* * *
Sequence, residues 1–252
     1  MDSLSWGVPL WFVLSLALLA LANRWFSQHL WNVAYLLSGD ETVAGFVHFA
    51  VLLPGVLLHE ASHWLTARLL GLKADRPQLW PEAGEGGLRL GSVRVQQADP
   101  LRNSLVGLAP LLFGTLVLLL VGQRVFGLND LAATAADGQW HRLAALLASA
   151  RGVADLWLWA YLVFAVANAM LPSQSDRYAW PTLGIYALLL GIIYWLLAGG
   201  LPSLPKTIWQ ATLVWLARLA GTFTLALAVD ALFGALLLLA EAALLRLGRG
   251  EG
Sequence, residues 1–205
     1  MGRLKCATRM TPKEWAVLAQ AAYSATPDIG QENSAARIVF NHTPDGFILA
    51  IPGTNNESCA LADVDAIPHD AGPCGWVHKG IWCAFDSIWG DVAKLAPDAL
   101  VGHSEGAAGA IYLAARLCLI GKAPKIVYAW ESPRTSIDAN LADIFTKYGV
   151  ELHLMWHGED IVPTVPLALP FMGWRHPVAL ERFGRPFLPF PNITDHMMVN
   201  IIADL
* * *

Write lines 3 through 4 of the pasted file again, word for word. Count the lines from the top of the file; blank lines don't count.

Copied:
    51  VLLPGVLLHE ASHWLTARLL GLKADRPQLW PEAGEGGLRL GSVRVQQADP
   101  LRNSLVGLAP LLFGTLVLLL VGQRVFGLND LAATAADGQW HRLAALLASA